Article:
Discovery of the fading, near-infrared afterglow of GRB 050904, by Reichart and his then-undergraduate student, Joshua Haislip, using the 4.1-meter diameter SOAR telescope at Cerro Tololo Inter-American Observatory in Chile. Haislip is now Skynet’s Senior Systems Engineer.

Using PROMPT and the 8.1-meter diameter Gemini South telescope, Reichart’s team established the explosion’s cosmological redshift to be z = 6.3, corresponding to only 900 million years after the Big Bang, when the universe was 6% its current age. This was confirmed spectroscopically with the 8.2-meter diameter Subaru telescope.

Short Biography

Dan Reichart received B.S. degrees in Astronomy and Astrophysics, Physics, and Mathematics, and a minor in History, from the Pennsylvania State University in 1996.  He received M.S. and Ph.D. degrees in Astronomy and Astrophysics from the University of Chicago in 1998 and 2000.  He then won a prestigious Hubble Postdoctoral Fellowship, which he took to the California Institute of Technology.  He joined the University of North Carolina at Chapel Hill in 2002, where he is now a Professor of Physics and Astronomy.

Reichart’s dissertation research on distant, cosmic explosions called gamma-ray bursts was ranked by Science Magazine as one of the top ten discoveries in science in 1999, and in 2003 earned him the Robert J. Trumpler Award, for top astrophysics dissertation research in North America.  In 2005, he and his students discovered the most distant explosion in the universe yet known, a gamma-ray burst that occurred 12.9 billion years ago, when the universe was only 6% its current age.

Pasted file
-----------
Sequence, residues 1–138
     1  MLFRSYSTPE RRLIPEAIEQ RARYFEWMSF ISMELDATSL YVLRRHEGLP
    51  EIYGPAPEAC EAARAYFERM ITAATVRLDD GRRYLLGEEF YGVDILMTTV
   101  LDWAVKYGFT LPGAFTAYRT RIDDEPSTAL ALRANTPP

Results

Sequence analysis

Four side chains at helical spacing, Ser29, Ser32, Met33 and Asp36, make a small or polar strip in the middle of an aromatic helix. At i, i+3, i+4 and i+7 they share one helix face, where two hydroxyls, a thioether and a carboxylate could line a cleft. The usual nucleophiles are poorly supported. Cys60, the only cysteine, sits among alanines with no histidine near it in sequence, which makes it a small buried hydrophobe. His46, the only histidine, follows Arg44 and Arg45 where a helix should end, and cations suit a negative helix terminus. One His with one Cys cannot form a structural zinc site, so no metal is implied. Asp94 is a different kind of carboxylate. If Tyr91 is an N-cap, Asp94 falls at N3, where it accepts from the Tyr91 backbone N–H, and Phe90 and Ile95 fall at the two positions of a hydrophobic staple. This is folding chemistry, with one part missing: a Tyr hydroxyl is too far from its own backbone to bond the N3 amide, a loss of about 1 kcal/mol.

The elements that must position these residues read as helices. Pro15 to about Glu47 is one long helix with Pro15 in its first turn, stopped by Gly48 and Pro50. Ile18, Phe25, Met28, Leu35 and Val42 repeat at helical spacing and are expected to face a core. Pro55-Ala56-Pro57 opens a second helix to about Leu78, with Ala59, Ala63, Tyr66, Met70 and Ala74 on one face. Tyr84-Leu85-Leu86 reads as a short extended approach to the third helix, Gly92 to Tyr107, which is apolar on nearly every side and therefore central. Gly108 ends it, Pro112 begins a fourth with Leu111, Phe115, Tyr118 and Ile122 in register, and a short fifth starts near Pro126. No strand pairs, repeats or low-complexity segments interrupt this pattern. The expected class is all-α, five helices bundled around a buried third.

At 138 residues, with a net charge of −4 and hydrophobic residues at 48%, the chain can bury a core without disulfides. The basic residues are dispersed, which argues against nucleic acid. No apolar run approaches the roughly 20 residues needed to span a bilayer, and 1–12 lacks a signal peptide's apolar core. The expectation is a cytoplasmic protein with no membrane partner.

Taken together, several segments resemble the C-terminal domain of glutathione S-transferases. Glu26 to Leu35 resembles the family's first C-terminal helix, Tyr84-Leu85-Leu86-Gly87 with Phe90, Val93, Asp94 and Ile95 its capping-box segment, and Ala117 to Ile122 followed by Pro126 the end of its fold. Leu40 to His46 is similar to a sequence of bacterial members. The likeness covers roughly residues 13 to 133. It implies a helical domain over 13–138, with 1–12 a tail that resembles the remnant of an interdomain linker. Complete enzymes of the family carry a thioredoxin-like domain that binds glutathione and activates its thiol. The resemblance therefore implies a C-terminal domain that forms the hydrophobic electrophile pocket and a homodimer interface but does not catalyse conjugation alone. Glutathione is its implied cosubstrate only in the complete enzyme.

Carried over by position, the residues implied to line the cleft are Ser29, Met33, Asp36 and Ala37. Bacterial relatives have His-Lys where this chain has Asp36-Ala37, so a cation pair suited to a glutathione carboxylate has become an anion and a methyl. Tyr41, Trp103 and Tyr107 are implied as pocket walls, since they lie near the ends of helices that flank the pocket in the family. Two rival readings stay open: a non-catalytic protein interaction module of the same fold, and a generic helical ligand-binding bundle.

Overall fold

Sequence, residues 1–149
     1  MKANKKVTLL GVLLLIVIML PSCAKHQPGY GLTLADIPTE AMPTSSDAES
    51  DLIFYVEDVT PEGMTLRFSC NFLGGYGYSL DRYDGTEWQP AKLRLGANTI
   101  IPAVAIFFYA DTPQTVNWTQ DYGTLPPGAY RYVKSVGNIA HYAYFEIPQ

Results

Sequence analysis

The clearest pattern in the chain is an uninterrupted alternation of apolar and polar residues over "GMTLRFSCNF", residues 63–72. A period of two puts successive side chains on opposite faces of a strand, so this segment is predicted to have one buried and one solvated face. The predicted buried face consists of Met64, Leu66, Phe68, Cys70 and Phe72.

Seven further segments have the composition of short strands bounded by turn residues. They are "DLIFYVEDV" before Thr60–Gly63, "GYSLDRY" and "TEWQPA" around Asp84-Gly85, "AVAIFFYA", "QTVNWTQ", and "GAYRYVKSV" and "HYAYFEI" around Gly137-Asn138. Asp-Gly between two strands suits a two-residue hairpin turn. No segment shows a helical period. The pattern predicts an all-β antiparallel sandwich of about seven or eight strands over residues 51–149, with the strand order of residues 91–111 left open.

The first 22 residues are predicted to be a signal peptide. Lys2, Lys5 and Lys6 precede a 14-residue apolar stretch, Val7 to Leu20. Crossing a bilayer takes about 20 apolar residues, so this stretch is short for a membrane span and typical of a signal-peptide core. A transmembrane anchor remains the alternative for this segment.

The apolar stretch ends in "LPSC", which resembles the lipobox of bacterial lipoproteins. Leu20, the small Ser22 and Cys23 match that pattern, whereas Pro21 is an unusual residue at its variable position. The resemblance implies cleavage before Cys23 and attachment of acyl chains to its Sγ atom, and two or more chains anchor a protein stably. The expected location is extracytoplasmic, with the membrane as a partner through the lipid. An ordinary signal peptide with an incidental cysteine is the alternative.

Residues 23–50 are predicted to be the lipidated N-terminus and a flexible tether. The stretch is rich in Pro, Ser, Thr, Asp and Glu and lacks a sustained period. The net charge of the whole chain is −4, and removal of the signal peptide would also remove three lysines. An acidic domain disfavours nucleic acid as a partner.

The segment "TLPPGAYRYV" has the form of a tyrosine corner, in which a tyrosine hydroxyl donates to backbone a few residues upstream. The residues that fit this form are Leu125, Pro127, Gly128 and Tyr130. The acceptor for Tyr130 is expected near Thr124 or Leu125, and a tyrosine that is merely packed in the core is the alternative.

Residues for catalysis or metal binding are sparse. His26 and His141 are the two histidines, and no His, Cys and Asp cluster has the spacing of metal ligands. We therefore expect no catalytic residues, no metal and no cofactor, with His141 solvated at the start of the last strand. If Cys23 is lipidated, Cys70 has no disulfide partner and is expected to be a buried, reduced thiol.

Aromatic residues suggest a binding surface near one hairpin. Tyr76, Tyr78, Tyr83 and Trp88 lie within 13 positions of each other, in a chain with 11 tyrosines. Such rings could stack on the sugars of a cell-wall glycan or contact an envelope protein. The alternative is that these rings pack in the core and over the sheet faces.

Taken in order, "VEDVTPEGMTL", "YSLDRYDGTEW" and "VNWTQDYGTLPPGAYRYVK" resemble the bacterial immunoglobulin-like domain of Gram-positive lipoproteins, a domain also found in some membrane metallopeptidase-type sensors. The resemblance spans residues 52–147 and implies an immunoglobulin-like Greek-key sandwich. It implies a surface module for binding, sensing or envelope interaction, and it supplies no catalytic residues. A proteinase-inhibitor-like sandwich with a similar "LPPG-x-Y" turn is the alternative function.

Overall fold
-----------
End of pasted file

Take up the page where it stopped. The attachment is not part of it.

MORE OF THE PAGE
To date, Dr. Reichart has published over 160 journal articles, including five in Nature and Science magazines, and has raised over $12 million for his research.  He is also the recipient of the Carl Sagan Award for Excellence in Teaching, the Nathan Sugarman Award for Excellence in Research, the Donn MacMinn Award for Service beyond the Walls of the University, the Ernest F. Fullam Award of Dudley Observatory, the Bowman and Gordon Gray Distinguished Term Professorship for Outstanding Scholarship, Creativity and Commitment to Undergraduate Education, and the Old North State Award from the Governor of North Carolina.

We built our first Skynet/PROMPT telescopes at Cerro Tololo Inter-American Observatory in 2004 and 2005.

Since arriving at the University of North Carolina at Chapel Hill, Dr. Reichart has been building “Skynet”.  Funded primarily by the National Science Foundation, but also by NASA and the the Mt. Cuba Astronomical Foundation, Skynet is an ever-growing collection of fully automated, or robotic, professional-quality telescopes under the control of software developed by Reichart’s team.  Currently, Skynet spans four continents and five countries, and consists of nearly twenty optical telescopes, with mirrors ranging in size from 14 inches to 1 meter in diameter, as well as a 20-meter diameter radio telescope.  Skynet publishes in peer-reviewed journals, on average, once every three weeks, and simultaneously serves tens of thousands of students, of all ages, graduate school through elementary school.